(74) A wider examination of the impact of the recommendations set out in the Reports would have necessitated consideration being given to the application of the various other alternatives (e.g. other methods of calculating SG& A and profit provided for in Article 2(6)(b)(c) of the basic Regulation) excluding those found inconsistent in the Reports. However, this has not proved possible in this case since the necessary information was not collected in the original investigation. Indeed, prior to the Reports it was not considered relevant either to collect such information or to program it into the verification process. The determination of the profit margin when constructing normal value for exporters without sufficient sales in the ordinary course of trade is based on a methodology which the Appellate Body report advocated. However, the Council considers that the methodology as specified by the Appellate Body is not appropriate in this particular case, not least because it implies a discriminatory treatment between exporters, whose own profit margin is used, and exporters which fall under Article 2(6)(a) of the basic Regulation (i.e. for which the weighted average SG& A and profit margins of other exporters are used). It is also in contradiction with the principle to base in general the normal value on data relating to sales made in the ordinary course of trade.

(75) In these exceptional circumstances it was considered that the best course of action is to amend the definitive Regulation on the basis of the dumping margins established in recitals 12 to 14 which are in all cases lower than the injury margins and to suspend the collection of duties at the rates established above while providing all interested parties concerned with an opportunity to submit information/observations and, if appropriate, a review request.

(76) The Indian authorities, the Indian exporters and their association, all interested parties in the Community, in particular the Community industry, importers, users' and traders' associations, received disclosure of the reassessed findings and were given an opportunity to comment and to be heard. The oral and written comments submitted by these parties were considered but have not altered the conclusions reached in this Regulation.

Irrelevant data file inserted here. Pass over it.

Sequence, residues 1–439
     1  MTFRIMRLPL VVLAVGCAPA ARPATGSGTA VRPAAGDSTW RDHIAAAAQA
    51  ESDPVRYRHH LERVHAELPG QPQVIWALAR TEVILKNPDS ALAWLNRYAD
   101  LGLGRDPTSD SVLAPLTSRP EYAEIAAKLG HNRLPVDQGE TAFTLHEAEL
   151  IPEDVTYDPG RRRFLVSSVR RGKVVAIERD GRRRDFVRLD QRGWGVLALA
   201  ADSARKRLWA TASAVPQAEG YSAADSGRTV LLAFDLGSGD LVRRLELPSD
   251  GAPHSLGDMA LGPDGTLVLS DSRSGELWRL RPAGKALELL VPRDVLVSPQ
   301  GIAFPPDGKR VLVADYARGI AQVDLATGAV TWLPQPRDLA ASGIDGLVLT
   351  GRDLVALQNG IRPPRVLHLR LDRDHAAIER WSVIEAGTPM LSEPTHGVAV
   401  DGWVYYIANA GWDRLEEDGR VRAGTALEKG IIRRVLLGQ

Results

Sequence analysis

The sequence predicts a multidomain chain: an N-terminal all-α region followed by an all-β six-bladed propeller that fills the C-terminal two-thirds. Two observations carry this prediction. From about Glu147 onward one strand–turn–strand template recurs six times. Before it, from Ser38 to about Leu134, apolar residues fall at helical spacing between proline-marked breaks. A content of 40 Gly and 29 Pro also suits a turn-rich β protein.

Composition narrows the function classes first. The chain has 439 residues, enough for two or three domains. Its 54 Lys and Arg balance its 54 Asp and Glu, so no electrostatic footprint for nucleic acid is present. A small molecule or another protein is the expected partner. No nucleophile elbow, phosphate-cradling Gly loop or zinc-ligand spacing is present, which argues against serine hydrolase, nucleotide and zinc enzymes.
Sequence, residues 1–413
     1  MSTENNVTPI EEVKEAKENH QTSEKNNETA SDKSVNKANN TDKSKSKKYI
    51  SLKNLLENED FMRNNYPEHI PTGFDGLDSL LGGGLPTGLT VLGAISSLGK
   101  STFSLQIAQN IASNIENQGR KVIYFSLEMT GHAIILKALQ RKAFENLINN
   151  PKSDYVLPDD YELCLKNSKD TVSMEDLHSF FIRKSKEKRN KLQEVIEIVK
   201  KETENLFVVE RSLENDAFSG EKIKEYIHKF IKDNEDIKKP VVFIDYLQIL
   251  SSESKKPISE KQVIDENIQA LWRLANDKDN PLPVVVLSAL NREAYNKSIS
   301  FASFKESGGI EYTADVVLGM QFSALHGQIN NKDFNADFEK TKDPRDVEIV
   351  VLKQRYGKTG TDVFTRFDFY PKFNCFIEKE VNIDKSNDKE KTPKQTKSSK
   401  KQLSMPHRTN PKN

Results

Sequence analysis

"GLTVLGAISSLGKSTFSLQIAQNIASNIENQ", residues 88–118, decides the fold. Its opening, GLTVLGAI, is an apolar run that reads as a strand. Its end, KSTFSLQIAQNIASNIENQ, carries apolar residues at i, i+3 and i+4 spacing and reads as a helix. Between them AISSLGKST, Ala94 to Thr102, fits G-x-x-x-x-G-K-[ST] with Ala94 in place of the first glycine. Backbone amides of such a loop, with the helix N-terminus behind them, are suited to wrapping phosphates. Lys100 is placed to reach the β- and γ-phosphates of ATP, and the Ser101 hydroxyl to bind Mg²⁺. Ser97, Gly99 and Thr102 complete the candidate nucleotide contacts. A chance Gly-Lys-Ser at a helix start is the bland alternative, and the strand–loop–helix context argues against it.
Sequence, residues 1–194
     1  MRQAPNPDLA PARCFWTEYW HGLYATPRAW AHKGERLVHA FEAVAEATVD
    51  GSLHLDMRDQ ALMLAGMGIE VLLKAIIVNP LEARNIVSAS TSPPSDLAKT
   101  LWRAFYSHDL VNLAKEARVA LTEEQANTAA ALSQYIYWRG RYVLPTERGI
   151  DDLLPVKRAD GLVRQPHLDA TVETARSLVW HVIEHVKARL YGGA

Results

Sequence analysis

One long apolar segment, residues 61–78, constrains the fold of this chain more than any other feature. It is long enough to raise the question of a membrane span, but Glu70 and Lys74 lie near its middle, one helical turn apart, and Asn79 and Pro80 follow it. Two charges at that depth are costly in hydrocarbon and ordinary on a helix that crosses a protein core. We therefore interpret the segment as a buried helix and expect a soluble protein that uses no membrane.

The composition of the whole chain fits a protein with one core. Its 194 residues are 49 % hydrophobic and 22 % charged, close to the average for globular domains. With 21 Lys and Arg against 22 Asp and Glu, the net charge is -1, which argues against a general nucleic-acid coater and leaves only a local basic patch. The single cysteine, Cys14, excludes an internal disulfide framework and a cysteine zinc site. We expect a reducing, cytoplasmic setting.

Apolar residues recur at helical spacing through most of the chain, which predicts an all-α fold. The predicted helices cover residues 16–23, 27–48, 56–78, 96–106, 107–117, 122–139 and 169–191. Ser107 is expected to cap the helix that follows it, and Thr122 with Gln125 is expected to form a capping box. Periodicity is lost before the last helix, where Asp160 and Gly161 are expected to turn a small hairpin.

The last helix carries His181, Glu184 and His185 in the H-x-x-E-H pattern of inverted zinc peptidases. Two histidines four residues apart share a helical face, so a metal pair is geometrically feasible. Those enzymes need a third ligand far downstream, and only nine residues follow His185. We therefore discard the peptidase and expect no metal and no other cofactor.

(77) Any requests for a review and any observation/submission of information must be made in writing and be sent to the following address: European Commission Directorate General for Trade

Directorates B and C

TERV - 0/13

Rue de la Loi/Wetstraat 200 B - 1049 Brussels Fax (32-2) 295 65 05 Telex COMEU B 21877.

(78) If no review is initiated within six months from the entry into force of this Regulation on the basis of a review request by any interested parties, the anti-dumping measure should automatically expire with regard to imports originating in India. If such review is initiated within the aforementioned six months period, suspension should continue during the review investigation,

HAS ADOPTED THIS REGULATION:

Article 1

Article 1 of Regulation (EC) No 2398/97, is hereby amended as follows:

1. In paragraph 2 the rate of duty for India shall be 9,8 % (TARIC additional code 8900 ).

2. In paragraph 3 the rate of duty for India shall be 5,7 % (TARIC additional code 8042 ).

3. In paragraph 4 the rates of duty for the Indian companies listed shall be as follows:

>TABLE>

Article 2

1. The application of the anti-dumping duties specified in Article 1 is hereby suspended with regard to imports originating in India.

2. The anti-dumping duties specified in Article 1 shall expire six months after the entry into force of this Regulation with regard to India unless a review has been initiated before that date. During such a review, if any, the application of the anti-dumping duty shall remain suspended pursuant to paragraph 1.

Article 3

This Regulation shall enter into force on the day of its publication in the Official Journal of the European Communities.

This Regulation shall be binding in its entirety and directly applicable in all Member States.

Done at Brussels, 7 August 2001.

For the Council

The President

L. Michel

(1) OJ L 201, 26.7.2001, p. 10.

(2) OJ L 56, 6.3.1996, p. 1. Regulation as last amended by Regulation (EC) No 2238/2000 (OJ L 257, 11.10.2000, p. 2).

(3) OJ L 332, 4.12.1997 p. 1. Regulation as last amended by Regulation (EC) No 554/2000 (OJ L 68, 16.3.2000, p. 1).

(4) OJ L 156, 13.6.1997, p. 11.